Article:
The book goes back and forth between narratives about cooking in general and specific recipes with advice on using them. The recipes range from the mundane (Old-fashioned Beef Stew: though, having cooked this recipe, it is far from mundane) to the sublime (Black Cake, a West Indian delicacy that seems as exotic as the land from which it comes). In this way, the book reveals an authentic home cook: a person who on occasion is very daring in her culinary attempts, but more often cooks her favorite “old reliables” and delights in them.

Perhaps the most interesting feature of Colwin’s book is the way that reading it now confirms her keen intuition on the preparation of food. Published originally in Gourmet Magazine and then compiled into this book in 1988, these pieces pre-date the fully blossomed contemporary “foodie” movement in our culture. Colwin discusses the importance of locally-sourced vegetables and grass-fed meats, preaching the significance of organic, farm-to-table foods as though her reader isn’t familiar with these concepts or might need convincing.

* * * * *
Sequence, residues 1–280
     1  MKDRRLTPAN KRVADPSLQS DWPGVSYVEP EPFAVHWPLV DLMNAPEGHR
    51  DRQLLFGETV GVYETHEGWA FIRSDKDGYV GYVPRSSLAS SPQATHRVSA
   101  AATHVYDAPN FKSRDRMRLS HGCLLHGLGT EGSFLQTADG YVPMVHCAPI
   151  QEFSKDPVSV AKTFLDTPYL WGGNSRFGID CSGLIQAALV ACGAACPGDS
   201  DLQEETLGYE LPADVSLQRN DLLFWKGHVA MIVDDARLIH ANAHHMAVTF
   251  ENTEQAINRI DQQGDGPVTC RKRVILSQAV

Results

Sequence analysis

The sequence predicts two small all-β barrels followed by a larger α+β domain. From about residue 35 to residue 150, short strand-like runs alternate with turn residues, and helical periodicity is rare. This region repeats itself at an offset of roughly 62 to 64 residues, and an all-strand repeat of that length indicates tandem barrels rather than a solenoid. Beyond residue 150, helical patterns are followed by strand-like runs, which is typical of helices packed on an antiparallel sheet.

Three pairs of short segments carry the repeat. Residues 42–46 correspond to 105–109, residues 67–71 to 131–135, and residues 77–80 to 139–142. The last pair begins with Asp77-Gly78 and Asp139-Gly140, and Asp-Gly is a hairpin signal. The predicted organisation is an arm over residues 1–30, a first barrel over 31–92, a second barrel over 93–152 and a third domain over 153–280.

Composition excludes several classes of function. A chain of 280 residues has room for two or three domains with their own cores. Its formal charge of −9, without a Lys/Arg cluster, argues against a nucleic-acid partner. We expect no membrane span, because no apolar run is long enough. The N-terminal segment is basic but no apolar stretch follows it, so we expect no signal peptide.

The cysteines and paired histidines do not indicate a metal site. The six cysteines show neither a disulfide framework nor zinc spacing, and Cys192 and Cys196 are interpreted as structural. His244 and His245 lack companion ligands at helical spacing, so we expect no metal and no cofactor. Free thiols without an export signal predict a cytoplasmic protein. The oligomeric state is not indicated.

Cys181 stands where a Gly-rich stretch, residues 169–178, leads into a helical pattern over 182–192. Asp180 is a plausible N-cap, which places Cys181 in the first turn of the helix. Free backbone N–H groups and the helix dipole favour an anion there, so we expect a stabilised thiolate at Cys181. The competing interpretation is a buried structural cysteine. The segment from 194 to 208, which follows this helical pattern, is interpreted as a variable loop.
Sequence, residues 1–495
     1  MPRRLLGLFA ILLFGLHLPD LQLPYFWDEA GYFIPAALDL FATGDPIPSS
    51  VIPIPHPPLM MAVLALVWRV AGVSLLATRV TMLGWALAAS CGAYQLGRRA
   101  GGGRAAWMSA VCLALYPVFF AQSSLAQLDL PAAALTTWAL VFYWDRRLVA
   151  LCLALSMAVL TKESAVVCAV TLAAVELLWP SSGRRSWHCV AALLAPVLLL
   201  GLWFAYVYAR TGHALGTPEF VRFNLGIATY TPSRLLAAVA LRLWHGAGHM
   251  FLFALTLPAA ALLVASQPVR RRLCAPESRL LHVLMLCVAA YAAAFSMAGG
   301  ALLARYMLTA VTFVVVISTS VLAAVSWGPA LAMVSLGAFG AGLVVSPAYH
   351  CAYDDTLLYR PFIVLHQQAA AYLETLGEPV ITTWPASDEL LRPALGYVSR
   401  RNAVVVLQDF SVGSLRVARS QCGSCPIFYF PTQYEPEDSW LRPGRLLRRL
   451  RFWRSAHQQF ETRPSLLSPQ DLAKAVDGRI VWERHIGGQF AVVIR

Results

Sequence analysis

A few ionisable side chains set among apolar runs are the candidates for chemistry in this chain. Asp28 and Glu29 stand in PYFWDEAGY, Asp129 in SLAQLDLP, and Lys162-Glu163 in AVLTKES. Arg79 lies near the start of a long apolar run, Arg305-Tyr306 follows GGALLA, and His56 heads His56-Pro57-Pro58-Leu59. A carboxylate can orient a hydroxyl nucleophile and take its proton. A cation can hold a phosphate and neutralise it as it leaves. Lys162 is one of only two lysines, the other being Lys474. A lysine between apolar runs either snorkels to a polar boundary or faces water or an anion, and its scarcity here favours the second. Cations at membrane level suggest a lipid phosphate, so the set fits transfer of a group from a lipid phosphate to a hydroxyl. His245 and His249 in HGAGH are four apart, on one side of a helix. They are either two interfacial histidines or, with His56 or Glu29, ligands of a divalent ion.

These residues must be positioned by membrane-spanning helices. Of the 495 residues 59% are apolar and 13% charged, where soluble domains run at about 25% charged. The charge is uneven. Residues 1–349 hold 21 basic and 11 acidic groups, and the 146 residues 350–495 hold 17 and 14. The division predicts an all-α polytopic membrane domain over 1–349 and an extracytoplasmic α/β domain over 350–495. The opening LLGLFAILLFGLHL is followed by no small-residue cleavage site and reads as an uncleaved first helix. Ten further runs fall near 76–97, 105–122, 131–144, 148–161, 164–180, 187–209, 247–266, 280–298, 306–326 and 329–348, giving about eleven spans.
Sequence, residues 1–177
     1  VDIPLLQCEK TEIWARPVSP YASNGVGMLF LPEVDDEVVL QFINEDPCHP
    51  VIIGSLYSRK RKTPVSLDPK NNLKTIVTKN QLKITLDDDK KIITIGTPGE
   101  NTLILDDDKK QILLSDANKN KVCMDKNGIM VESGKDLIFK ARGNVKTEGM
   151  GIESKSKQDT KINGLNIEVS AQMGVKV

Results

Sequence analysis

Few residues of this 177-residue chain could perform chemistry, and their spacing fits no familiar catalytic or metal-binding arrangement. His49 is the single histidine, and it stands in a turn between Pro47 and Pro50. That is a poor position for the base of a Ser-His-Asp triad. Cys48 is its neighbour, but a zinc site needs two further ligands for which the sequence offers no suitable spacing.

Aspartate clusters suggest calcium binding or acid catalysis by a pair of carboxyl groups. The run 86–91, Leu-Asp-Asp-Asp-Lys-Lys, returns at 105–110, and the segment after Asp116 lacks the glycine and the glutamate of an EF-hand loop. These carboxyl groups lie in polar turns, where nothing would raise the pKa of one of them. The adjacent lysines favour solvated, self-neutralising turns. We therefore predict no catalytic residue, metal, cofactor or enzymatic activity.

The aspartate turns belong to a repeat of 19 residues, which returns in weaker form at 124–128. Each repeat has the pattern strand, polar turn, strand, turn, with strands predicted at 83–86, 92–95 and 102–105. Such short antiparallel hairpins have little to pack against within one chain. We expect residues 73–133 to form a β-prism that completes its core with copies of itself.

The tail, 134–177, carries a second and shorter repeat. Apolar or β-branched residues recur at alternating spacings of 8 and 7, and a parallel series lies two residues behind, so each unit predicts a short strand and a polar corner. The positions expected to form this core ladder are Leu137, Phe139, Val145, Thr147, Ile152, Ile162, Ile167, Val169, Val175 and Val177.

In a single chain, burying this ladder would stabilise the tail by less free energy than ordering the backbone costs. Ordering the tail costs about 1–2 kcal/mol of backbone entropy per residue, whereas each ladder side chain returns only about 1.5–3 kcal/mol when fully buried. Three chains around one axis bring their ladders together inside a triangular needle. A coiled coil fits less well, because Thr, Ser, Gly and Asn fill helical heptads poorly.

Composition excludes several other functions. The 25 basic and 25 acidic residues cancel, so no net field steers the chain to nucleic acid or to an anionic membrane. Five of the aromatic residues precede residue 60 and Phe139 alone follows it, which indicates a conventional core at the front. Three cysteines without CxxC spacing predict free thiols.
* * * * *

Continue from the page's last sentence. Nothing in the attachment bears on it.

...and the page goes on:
While this stance could make the book seem dated, I choose to view it as yet another instance of past generations speaking through food. Colwin was a pioneer in the 1980s and believed in the importance of farmer’s markets before it was chic. She paved the way for the current 20- and 30-somethings who spend their urban Saturday mornings picking over broccoli rabe and peaches from a farm located 30 minutes outside the city. I am grateful to Colwin and other foodie foremothers who’ve influenced the way my generation cooks and eats, just as I’m grateful to my own mother. I find myself more proud of a fine dinner composed of the disparate ingredients I had on hand than of the meal that required much planning and forethought. Laurie Colwin reminds her reader that cooking is an act of travelling somewhere sacred and paying respects to those that have gone before you. In my own kitchen, I aim to cook more and more like my mother.

January 2013